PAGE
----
The most common symptom of asthma is an acute attack of breathlessness. But asthma can also result in: a feeling of tightness in the rib cage, difficulty in breathing deeply, wheezing, shortness of breath on exertion, or a cough that does not go away. These symptoms can be triggered or worsened by colds, flu, pollution, cigarette smoke, perfumes, solvents, cold air, or playing sports.
Manifestations of asthma can occur at any time of the day, but they occur especially in the middle of the night or in the early morning (the asthmatic person wakes up because they have trouble breathing or because of the cough ). The intensity of asthma symptoms can be very variable, ranging from simple discomfort to a real feeling of suffocation.
Sometimes even, it is possible that the asthmatic person does not perceive anything and only the respiratory tests show difficulty in the circulation of the air in the bronchi. Some asthmatics, on the contrary, experience permanent difficulty in breathing.
It is an evaluation scale, fundamentally used to assess the severity of bronchiolitis, although it has also been used to assess acute asthma, especially in children. In the case of bronchiolitis, which fundamentally appear in Pediatric Emergencies, an initial assessment often allows starting with a therapy appropriate to the estimated severity, often avoiding unnecessary admissions. A score of 3 or less indicates mild bronchiolitis, whose treatment can be started with physical measures and salbutamol or terbutaline, with adequate evaluation in the next 24-48 hours. A score greater than three implies severe bronchiolitis, which probably requires inhalation of nebulized adrenaline, subsequent evaluation in the following 2 hours, and treatment to be continued according to the changes. worsening already implies hospital admission.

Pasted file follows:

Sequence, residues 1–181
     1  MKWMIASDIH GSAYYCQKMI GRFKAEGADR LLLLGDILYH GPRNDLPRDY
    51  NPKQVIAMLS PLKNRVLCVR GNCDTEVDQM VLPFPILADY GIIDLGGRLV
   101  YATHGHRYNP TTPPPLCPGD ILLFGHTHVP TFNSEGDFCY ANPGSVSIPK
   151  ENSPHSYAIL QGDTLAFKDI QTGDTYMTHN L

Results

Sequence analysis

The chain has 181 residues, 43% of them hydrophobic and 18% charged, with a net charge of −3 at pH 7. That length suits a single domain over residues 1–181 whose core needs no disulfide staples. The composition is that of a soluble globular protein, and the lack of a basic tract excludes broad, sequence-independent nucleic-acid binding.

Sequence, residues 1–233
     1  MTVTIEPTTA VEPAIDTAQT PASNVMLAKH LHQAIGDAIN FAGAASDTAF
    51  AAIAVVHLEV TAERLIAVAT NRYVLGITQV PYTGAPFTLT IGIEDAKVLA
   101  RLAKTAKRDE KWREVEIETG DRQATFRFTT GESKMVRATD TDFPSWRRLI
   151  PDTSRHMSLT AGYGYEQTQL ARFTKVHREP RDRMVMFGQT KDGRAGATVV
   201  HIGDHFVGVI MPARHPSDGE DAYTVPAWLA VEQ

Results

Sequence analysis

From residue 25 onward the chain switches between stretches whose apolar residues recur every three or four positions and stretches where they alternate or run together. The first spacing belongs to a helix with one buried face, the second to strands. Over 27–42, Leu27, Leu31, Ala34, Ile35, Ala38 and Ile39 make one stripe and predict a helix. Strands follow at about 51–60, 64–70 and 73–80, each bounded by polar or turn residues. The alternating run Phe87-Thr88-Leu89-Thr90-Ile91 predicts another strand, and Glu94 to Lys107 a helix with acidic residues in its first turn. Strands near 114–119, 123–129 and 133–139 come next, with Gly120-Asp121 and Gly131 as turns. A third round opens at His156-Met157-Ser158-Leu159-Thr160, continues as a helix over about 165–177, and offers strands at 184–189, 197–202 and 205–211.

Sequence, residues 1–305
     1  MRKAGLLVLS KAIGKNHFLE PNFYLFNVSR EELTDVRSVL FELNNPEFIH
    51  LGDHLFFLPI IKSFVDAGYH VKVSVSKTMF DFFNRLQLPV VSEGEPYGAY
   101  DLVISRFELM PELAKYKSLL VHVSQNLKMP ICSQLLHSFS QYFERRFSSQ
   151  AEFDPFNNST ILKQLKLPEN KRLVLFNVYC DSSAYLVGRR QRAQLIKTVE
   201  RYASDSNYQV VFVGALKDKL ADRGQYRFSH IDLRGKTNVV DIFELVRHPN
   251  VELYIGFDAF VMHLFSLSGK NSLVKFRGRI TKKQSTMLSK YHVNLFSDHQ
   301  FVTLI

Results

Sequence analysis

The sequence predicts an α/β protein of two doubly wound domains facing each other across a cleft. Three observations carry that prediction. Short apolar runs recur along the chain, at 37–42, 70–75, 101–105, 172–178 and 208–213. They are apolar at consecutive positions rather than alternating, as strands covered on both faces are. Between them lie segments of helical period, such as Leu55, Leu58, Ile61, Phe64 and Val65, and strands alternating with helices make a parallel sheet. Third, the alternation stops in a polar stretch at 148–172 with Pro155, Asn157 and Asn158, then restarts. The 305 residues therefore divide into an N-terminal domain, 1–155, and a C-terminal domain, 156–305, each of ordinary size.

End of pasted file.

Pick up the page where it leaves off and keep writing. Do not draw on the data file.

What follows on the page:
The Wood score has been used clinically but has never been validated. It does not predict morbidity during an asthma attack. A score greater than or equal to 4 defines Acute Severe Asthma.